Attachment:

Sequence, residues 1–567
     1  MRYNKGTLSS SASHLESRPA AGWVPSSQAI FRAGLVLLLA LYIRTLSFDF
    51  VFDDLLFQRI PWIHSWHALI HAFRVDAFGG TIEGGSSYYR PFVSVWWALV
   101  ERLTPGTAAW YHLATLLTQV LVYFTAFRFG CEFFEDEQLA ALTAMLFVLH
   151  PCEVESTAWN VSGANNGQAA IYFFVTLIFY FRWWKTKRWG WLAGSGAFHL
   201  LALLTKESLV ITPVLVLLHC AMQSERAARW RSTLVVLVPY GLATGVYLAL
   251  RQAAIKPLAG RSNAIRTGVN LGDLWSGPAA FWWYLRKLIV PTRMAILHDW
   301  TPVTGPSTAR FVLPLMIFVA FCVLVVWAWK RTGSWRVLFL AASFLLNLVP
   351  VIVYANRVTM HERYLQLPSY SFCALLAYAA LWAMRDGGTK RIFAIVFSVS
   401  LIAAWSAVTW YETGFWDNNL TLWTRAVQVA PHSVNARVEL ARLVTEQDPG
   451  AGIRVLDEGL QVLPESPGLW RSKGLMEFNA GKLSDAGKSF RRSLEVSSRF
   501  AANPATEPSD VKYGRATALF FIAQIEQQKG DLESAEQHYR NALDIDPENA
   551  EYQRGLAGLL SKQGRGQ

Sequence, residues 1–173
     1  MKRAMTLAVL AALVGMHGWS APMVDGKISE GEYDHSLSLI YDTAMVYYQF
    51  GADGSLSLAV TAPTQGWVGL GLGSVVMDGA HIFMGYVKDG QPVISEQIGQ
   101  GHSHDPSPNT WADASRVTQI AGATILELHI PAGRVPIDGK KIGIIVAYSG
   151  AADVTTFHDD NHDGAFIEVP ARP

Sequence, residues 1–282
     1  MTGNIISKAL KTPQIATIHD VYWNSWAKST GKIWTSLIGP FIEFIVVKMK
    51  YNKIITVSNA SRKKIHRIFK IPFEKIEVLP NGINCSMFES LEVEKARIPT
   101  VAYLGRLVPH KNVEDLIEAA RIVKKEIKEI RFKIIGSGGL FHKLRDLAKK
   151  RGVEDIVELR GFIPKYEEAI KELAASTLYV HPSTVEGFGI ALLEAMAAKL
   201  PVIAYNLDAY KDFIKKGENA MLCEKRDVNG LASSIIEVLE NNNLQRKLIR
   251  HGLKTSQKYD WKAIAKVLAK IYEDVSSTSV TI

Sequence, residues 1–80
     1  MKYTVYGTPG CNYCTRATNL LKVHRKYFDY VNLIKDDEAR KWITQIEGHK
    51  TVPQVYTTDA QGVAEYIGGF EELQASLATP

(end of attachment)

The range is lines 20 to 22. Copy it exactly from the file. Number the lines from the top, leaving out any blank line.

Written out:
     1  MTGNIISKAL KTPQIATIHD VYWNSWAKST GKIWTSLIGP FIEFIVVKMK
    51  YNKIITVSNA SRKKIHRIFK IPFEKIEVLP NGINCSMFES LEVEKARIPT
   101  VAYLGRLVPH KNVEDLIEAA RIVKKEIKEI RFKIIGSGGL FHKLRDLAKK